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LmaoTheKid
Oct 7, 2002

BA-DAH-DAH-DAH-DAHHH I'M LOVIN' IT


Penguin Bacon posted:

Yah, I know I'm being gourged. It is not the best that I'm being forced into this route but I don't have the choice. I'm still sitting on a built computer from 2008. It is still good but its getting long in the tooth. If the prices get really bad, I'll just have to take a vacation day or two to get things up to snuff.



Building a PC is 3 hours, tops, unless you're about overclocking.

Mount mother board, click in ram, plug in video card, plug in/mount hard drive and optical (if you even need one), install power cables to peripherals and mobo, drop in CPU and stock cooler.

Install windows.

You're done.

To me that's not worth the price difference for a prebuilt solution from a possibly sketchy off brand OEM.

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DamnGlitch
Sep 2, 2004

Aim for the TOP!




Clearly he doesn't care if it's a bad idea he just wanted the thread to sign off on it for him so the burden of responsibility for his poor choice is reduced.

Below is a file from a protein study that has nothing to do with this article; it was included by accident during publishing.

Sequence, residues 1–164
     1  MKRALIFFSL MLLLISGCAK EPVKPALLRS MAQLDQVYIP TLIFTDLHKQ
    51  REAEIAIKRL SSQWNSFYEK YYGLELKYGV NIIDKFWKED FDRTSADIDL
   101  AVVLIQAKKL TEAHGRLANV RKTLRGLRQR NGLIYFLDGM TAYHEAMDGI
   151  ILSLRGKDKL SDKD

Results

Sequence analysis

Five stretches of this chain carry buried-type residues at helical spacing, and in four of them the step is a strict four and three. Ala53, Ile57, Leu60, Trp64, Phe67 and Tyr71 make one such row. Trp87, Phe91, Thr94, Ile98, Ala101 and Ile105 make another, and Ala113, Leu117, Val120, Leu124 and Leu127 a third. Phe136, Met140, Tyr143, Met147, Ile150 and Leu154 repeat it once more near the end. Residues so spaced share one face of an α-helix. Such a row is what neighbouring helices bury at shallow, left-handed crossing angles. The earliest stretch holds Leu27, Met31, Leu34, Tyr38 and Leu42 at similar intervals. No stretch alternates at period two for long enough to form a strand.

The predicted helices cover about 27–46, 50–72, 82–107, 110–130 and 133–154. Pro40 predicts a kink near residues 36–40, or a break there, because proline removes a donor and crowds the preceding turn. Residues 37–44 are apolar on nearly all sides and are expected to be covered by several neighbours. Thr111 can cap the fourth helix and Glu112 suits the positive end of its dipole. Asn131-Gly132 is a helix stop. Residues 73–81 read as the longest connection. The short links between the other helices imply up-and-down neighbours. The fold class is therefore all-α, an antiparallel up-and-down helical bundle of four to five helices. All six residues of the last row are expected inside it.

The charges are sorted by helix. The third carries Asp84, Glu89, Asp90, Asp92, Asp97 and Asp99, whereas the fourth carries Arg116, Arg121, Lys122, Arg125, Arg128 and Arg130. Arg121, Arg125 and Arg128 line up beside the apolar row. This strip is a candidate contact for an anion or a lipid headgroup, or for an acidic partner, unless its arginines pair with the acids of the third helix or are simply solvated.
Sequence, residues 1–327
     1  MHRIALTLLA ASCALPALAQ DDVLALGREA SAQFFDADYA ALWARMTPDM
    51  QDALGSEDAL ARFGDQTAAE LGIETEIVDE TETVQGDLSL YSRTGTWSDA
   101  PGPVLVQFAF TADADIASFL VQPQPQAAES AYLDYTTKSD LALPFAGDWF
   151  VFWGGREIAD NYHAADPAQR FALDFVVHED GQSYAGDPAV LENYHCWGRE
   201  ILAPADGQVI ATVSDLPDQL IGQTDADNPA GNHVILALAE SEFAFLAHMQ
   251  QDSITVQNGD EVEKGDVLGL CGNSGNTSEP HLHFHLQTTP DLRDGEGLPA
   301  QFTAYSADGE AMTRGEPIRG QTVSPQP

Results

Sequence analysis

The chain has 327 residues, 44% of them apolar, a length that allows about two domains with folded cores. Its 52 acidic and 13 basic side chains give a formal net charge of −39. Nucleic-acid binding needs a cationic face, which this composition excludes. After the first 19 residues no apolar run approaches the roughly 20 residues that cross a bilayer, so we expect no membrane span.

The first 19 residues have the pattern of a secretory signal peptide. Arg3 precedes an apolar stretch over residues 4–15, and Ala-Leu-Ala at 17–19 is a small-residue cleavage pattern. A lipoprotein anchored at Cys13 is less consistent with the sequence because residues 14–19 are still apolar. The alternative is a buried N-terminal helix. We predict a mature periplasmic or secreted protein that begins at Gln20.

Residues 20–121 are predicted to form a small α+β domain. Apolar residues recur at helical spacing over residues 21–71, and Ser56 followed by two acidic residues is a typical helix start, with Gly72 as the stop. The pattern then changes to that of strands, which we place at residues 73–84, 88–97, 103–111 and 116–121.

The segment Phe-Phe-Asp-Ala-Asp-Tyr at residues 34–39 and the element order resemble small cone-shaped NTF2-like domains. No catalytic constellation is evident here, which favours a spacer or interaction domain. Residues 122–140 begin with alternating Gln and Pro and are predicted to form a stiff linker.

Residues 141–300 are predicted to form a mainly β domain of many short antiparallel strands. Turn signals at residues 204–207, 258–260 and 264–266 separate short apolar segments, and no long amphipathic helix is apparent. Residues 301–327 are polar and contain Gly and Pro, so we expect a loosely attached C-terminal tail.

kedo
Nov 27, 2007



LmaoTheKid posted:

Building a PC is 3 hours, tops, unless you're about overclocking.

As someone who tried building their own PC for the first time only a few years ago, I can confirm this. It is brainlessly simple these days. I think the task that took the most time was applying thermal paste to the processor, and that's only because I was flipping my poo poo about getting it just perfect.

Unless of course you care how organized the cables and poo poo look, in which case you could spend hours with zip ties.

Factory Factory
Mar 19, 2010

I can do sex. It's just alien sex.


Reggie Died posted:

Cheers,

And yeah, sorry, I have 000F (according to DiskInfo).

If you have 000F and it's still having problems, I'd probably call Crucial support and RMA that sumgun. Sorry

DamnGlitch
Sep 2, 2004

Aim for the TOP!


It's much more complicated to get all the latest drivers you need together than the physical act of assembling a computer.

Spiritus Nox
Sep 2, 2011